Bipartisan legislation has finally been introduced to ban TikTok as Senator Marco Rubio and other sponsors announced yesterday (12/13) according to Reuters. Of course, what’s funny about this is that China has essentially banned TikTok–CNN reported long ago that China’s version of the app was quite a bit more restrictive than the export version.
Well, you heard it here first. July 2020 we published “Why is TikTok being banned? China’s National Intelligence Law.” As we explained then:
There’s an easy answer to why TikTok has been banned in so many places and may well yet get banned in the US: China’s “National Intelligence Law.”
China’s National Intelligence Law was enacted on June 27, 2017 and came into effect in July 2017. The National Intelligence Law is part of a portfolio of statutes (including the Cybersecurity Law) that gives the authoritarian Chinese Communist Party statutory authority that is unique in the world. The statute is an actual legal requirement for all Chinese companies and citizens to cooperate with China’s massive intelligence agencies.
The reason for the concern about TikTok is that the National Intelligence Law has broadly drafted and poorly defined provisions that create gaping exposure for U.S. and other foreigners doing business or studying in China, as well as their Chinese business partners, employees and colleagues.
Two parts of the Intelligence Law are particularly concerning, Article 7 and Article 14. Article 7 mandates that “any organization or citizen shall support, assist, and cooperate with state intelligence work according to law” and Article 14 empowers State Security officials to demand this cooperation, stating that “state intelligence work organs, when legally carrying forth intelligence work, may demand that concerned organs, organizations, or citizens provide needed support, assistance, and cooperation.”
The point of the many posts including a panel I moderated at the Music Business Conference was to explain how artists and music were being used as human shields to gather data on music fans as young as four years old at the instructions of the Chinese government. On top of it all, TikTok was, and still is, a massive infringement machine that has snowed their way into what Tim Ingham calls “blind check” deals:
The concern that all three of these companies shared with me was this: TikTokcurrently does not pay out to record companies and artists in the same way that Spotify, Apple Music, or indeed YouTube does.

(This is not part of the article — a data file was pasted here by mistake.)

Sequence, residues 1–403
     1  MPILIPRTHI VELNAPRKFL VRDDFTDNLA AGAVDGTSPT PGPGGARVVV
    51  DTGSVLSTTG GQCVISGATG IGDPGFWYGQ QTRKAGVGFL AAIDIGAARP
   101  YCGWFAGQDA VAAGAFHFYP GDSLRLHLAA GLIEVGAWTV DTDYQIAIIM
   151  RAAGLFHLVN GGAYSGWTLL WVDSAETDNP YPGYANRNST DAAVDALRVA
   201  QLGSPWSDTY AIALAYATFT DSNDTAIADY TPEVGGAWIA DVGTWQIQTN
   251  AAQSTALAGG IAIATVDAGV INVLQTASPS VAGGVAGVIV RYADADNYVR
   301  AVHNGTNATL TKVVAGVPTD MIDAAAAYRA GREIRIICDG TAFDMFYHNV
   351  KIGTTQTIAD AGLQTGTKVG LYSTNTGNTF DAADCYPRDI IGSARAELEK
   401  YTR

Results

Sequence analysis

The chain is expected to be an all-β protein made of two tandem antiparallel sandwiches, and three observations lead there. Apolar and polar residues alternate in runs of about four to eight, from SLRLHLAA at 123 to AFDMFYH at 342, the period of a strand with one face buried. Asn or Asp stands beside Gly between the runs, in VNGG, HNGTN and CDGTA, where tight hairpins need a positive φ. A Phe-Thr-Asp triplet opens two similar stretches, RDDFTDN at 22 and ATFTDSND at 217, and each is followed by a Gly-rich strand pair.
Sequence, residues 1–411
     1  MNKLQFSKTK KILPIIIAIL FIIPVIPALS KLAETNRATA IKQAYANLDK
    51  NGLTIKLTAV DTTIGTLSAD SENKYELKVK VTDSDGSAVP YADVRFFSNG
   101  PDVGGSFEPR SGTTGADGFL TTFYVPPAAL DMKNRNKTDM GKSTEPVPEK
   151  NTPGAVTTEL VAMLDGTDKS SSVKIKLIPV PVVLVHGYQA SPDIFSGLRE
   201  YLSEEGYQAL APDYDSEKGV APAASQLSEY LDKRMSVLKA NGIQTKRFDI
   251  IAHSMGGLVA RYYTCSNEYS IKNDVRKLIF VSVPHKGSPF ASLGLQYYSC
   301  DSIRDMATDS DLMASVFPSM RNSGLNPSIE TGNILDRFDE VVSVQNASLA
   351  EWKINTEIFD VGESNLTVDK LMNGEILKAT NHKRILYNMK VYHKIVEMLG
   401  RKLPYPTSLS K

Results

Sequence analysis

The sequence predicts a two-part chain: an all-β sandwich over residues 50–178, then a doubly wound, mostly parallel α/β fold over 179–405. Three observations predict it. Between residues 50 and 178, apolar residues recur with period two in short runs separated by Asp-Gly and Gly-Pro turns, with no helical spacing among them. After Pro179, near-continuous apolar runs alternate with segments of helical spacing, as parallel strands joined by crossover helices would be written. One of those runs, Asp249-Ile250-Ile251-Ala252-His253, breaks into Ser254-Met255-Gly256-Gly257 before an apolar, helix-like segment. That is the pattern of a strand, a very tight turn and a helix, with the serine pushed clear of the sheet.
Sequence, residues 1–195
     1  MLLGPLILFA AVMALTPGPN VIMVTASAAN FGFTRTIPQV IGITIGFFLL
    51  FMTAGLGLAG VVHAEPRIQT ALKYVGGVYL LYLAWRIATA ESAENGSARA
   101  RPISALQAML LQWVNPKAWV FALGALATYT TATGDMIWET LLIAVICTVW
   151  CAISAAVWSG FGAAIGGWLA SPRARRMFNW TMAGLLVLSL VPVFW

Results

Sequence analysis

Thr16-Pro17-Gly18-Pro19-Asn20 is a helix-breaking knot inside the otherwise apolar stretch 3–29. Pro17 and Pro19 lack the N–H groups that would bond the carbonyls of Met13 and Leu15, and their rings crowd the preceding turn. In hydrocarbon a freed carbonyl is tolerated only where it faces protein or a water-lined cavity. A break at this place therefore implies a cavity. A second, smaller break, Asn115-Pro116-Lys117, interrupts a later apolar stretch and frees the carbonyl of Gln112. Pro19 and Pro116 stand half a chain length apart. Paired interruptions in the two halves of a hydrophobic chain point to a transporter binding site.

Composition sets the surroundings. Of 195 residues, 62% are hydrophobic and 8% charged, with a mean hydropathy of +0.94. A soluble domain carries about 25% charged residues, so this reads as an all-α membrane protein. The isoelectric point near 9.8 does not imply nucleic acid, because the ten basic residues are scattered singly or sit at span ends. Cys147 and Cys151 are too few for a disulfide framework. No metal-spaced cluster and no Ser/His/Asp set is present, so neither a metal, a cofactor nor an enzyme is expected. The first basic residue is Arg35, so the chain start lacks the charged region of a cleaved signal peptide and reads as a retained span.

As things stand today, TikTok is paying music companies what I would term ‘blind checks’. Others might call these payments ‘advances that are uncoupled from consumption on the platform’.
One person I spoke to called them ‘buy-outs’ because Tiktok is effectively buying out music licenses every year or two.
Let’s be clear that another way that Tik Tok differs from a monopoly DSP like Spotify is that TikTok does not pay for plays by users because TikTok has chosen not to build the same kind of tracking systems as Spotify. Instead, Tik Tok pays based on the number of times a track is embedded in a TikTok video. So if your recording is embedded in a TikTok video that is itself played a million or a billion times, that TikTok video counts as one for royalty purposes.
So on top of this cheesy “blind check” royalty system that simply covers up for TikTok’s decision not to track usage for royalty purposes–it’s not that they can’t it’s that they won’t–TikTok operates as an arm of the Chinese government and ships data back to some government agency in China as required under the National Intelligence Law.
Despite the denials by TikTok that they cooperate with the Ministry of State Security, anyone who has looked about an inch under the hood at TikTok can tell you that if masses of consumer data is not being transferred back to the data-hungry artificial intelligence operations in China, Google doesn’t begin with a G.
So the real question that will come up for enablers in the music business is going to be how much liability they have for this fraud. Maybe none–but maybe some. And we may be finding out what the contours of that liability looks like because the issue has finally bubbled up to bi-partisan federal legislation banning TikTok.
India long ago banned TikTok and recently several state governments followed India with a ban of the app on state owned devices including Alabama, Maryland, South Dakota, Texas and Utah.